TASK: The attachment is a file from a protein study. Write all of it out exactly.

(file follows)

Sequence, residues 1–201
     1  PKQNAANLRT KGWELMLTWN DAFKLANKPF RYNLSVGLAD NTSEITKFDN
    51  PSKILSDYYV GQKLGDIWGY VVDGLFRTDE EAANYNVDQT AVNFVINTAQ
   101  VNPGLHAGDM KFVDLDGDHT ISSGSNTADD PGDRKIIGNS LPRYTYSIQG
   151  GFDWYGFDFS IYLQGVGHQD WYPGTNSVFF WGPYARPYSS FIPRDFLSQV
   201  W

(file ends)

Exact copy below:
Sequence, residues 1–201
     1  PKQNAANLRT KGWELMLTWN DAFKLANKPF RYNLSVGLAD NTSEITKFDN
    51  PSKILSDYYV GQKLGDIWGY VVDGLFRTDE EAANYNVDQT AVNFVINTAQ
   101  VNPGLHAGDM KFVDLDGDHT ISSGSNTADD PGDRKIIGNS LPRYTYSIQG
   151  GFDWYGFDFS IYLQGVGHQD WYPGTNSVFF WGPYARPYSS FIPRDFLSQV
   201  W